Simple practices can help pork producers reduce fuel, gas, propane costs without adversely affecting production. Dr. Jay Harmon of Iowa State University and Dr. Mark Boggess of the Pork Checkoff have put together a list of things producers can do to save money in the face of rising energy costs.
First, producers should understand that most of the heat loss from a livestock building occurs through ventilation. "Producers should resist the temptation to under-ventilate their buildings to save energy," says Harmon. "Fine tuning the ventilation system is a more appropriate approach."
Second, keep a maintenance schedule on all environmental and ventilation equipment to ensure things operate at peak efficiency. "Make sure all fans and inlets are cleaned regularly and are well maintained," says Boggess. Dirty fans or those with damaged shutters are less efficient. "Heaters should also be cleaned and serviced regularly to run efficiently."
Third, check your curtains. "Make sure curtains are tight and overlap completely when closed. Make sure all holes are patched, says Harmon. "Consider upgrading to insulated curtains, particularly in wean-to-finish buildings."
Fourth, understand your ventilation controllers. "Spend time observing fans and heaters coming on and off in your building," says Boggess. Most controllers will not let second stage fans and heaters run at the same time but may cycle when they should not, wasting heat. "Pay close attention to the heater setting; especially when heaters are too large for a room or with older controllers that are not set properly," he says.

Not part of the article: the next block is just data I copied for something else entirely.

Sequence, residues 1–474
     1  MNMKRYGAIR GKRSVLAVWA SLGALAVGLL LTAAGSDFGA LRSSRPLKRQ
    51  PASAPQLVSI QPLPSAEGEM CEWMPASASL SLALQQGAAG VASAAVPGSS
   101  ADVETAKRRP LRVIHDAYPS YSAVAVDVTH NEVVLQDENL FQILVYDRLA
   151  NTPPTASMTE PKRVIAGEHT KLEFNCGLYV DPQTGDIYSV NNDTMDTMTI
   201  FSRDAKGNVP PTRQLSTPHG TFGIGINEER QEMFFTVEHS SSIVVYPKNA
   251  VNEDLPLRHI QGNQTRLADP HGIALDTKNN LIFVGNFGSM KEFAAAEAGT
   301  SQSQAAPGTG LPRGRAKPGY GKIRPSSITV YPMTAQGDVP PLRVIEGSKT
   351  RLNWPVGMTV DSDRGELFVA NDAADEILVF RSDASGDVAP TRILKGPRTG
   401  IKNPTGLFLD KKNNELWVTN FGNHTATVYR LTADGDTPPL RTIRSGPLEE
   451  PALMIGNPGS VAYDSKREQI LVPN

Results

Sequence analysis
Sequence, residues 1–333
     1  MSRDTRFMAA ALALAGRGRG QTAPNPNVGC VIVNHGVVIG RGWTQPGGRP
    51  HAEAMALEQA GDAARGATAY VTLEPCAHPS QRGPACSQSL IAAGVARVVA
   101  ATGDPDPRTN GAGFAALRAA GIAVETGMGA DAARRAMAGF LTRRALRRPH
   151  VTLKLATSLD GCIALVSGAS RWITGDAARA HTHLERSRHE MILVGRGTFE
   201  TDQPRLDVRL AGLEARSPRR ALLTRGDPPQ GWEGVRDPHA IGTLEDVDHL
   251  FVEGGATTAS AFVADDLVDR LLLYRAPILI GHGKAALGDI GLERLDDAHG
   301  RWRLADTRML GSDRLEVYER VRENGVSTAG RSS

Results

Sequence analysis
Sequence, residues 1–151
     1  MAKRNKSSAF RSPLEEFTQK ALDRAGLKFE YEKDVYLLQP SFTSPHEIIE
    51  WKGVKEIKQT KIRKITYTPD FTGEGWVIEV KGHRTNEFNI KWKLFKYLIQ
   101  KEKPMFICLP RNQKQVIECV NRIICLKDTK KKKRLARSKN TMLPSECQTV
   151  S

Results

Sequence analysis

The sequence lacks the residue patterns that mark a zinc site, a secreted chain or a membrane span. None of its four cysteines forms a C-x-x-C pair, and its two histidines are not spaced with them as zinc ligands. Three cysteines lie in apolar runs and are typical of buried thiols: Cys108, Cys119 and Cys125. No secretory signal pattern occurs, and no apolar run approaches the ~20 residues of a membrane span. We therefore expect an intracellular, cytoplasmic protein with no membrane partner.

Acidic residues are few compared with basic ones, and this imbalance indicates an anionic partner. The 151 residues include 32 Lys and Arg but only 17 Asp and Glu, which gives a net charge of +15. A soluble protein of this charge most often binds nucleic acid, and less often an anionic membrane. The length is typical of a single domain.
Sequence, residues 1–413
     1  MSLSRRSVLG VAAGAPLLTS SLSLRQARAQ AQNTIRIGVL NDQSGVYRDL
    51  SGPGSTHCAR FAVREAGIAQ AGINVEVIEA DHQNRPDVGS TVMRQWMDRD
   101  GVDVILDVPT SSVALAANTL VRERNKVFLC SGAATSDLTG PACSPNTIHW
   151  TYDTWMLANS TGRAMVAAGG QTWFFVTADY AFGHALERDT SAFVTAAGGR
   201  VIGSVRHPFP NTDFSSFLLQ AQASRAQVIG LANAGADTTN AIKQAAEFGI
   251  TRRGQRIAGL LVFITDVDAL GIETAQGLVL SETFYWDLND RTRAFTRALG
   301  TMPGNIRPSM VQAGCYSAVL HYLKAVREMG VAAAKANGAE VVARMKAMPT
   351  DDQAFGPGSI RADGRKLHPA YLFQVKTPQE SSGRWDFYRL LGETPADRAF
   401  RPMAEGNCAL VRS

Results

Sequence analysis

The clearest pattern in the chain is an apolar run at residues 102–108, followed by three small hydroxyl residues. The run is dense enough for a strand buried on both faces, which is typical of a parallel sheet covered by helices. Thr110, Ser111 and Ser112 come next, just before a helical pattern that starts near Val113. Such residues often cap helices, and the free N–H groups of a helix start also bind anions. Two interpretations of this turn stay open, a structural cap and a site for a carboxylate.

Fifth, learn to determine the appropriate set points for environmental controllers. "Pigs should be comfortable to slightly cool," says Harmon. Set points will vary in different buildings. Nurseries are usually heated in excess. "Nurseries with 3-4 week old piglets can be set as low as 80 degrees after the pigs have adjusted for a day or two post weaning and are eating aggressively," he says. Finishing pigs can tolerate temperatures as low as 58 degrees in slatted-floor buildings as they approach market weight.
Sixth, evaluate other costly energy drainers. "Consider reducing the number of trips to town for supplies. Try to have full loads of feed delivered and market full loads of pigs," says Harmon.
Seventh, identify and recycle your valuable byproducts. "Re-evaluate the nutrient value of your manure; particularly for nitrogen content," says Boggess. "You can reduce fertilizer needs by knowing the nutrient composition of the manure and utilizing it as efficiently as possible."
Combined, these ideas may decrease your energy costs significantly during this time of high prices, Harmon and Boggess says. Other ideas for conserving energy can be found on the Iowa State University Web site at www.abe.iastate.edu/livestock/aen138.asp.